(Reuters) – Russia on Monday flagged a likely further cut in interest rates and more budget spending to help the economy adapt to biting western sanctions as it heads for its deepest contraction since 1994.
Russia faces soaring inflation and capital flight while grappling with a possible debt default after the West imposed unprecedented sanctions to punish President Vladimir Putin for sending tens of thousands of troops into Ukraine on Feb. 24.
Putin said on Monday that Russia should use its state budget to support the economy and liquidity when lending activity has waned. The World Bank expects the economy to shrink by more than 11% this year.
The central bank more than doubled its key interest rate to 20% on Feb. 28 as the first wave of sanctions hit, before trimming it to 17% on April 8. It is expected to lower it further at the next board meeting on April 29.
“We must have the possibility to lower the key rate faster,” Central Bank Governor Elvira Nabiullina said on Monday. “We must create conditions to increase the availability of credit for the economy.”
Although inflation in Russia has accelerated to its highest since early 2002, the central bank “will not try to lower it by any means – this would prevent business from adapting,” Nabiullina said.
The current inflation spike is caused by low supply, not high demand, and the central bank aims to bring it to its 4% target in 2024 as the economy adapts to western sanctions, she said, speaking at the lower house of parliament.
“The period when the economy can live on reserves is finite. And already in the second and third quarter we will enter a period of structural transformation and the search for new business models,” Nabiullina said.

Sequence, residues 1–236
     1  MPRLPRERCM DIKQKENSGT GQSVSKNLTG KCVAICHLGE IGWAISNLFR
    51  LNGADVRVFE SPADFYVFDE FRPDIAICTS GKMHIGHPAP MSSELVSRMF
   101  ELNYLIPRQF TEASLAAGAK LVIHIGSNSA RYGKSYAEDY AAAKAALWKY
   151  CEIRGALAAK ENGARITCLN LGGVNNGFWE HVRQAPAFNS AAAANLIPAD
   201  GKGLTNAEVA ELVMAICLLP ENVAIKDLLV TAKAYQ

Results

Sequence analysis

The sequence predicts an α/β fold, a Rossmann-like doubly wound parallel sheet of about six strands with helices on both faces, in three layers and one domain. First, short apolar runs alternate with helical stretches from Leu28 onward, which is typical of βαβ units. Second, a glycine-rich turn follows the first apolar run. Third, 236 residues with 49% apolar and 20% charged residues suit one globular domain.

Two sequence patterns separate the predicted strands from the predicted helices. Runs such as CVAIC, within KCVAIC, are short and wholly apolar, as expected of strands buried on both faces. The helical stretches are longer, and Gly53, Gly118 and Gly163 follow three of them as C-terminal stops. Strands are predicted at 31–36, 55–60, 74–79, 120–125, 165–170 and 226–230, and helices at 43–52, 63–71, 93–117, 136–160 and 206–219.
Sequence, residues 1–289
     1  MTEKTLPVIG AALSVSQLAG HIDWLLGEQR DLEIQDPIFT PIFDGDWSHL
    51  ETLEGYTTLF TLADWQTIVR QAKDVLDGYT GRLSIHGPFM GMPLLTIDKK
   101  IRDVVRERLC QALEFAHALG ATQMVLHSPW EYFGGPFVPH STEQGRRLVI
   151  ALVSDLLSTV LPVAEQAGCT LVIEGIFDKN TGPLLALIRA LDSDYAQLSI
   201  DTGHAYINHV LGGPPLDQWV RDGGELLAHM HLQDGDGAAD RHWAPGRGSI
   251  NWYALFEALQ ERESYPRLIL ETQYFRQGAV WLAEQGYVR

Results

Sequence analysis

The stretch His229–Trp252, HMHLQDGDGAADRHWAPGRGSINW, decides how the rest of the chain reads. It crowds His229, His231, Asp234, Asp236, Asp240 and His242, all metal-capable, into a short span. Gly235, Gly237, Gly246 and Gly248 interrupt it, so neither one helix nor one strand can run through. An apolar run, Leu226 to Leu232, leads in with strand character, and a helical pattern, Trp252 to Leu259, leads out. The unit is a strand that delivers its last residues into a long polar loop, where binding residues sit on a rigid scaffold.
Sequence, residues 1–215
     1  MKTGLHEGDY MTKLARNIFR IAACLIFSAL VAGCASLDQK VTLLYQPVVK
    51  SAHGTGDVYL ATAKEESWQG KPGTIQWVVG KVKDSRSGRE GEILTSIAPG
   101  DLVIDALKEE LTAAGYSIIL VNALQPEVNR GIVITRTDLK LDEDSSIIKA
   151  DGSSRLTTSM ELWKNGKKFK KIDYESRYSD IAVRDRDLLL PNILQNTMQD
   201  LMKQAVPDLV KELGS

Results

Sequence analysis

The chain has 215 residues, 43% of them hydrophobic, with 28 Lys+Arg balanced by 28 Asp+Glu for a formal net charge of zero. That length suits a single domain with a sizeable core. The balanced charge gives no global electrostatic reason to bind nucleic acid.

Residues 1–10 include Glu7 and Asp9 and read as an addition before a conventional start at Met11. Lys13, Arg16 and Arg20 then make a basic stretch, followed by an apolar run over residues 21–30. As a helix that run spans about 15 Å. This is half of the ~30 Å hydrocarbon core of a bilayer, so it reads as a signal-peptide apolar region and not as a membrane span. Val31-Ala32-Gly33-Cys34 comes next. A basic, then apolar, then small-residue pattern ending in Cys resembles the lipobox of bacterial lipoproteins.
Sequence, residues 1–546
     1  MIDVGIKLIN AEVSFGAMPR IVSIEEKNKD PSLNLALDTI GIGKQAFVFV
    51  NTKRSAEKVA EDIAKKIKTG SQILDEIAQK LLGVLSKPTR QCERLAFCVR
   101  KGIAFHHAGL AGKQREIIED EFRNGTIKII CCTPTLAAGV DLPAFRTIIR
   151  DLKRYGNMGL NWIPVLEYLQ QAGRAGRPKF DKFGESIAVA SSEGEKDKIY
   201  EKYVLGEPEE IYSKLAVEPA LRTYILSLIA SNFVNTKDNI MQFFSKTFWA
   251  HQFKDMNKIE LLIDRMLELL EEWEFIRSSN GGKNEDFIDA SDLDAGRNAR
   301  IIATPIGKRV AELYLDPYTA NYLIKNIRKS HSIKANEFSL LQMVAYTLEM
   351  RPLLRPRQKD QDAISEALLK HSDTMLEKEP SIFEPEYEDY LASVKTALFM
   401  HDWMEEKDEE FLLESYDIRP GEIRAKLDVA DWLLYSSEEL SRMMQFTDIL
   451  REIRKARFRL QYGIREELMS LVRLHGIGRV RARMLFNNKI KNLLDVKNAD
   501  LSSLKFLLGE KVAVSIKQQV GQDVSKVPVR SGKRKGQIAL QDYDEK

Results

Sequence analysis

She also said Moscow planned to take legal action over the blocking of gold, forex and assets belonging to Russian residents, while adding that such a step would need to be painstakingly thought through.
Foreign sanctions have frozen about $300 billion of the roughly $640 billion that Russia had in its gold and forex reserves when it launched what it calls its “special military operation” in Ukraine.
Putin, speaking to Nabiullina and other top government officials by a video link, called for an acceleration of the process of switching to national currencies in foreign trade – as opposed to dollars and euros – under the new conditions.
Sanctions had mainly affected the financial market, “but now they will begin to increasingly affect the economy,” Nabiullina said.
“The main problems will be associated with restrictions on imports and logistics of foreign trade, and in the future with restrictions on exports.”
She said Russian companies would need to adapt.
“Russian manufacturers will need to search for new partners, logistics, or switch to the production of products of previous generations,” she said.
Exporters would need to look for new partners and logistical arrangements and “all this will take time,” Nabiullina said.
She said the central bank was considering making the sale of forex proceeds by exporters more flexible.
In February, Russia ordered exporting companies, including some of the world’s biggest energy producers from Gazprom to Rosneft, to sell 80% of their forex revenues on the market, as the central bank’s ability to intervene on currency markets was limited.
The bank may soften the terms of the timing and volume of mandatory sales, Nabiullina said.
Nabiullina’s comments “are directly or indirectly targeted at preventing the rouble from firming,” Promsvyazbank analysts said.
But the Russian currency extended gains on Monday, firming to 81.4025 to the euro, a level last seen on April 8, helped by upcoming tax payments that will prompt export-focused companies to convert FX revenues to roubles to meet their liabilities.
(Reporting by Reuters; editing by Barbara Lewis)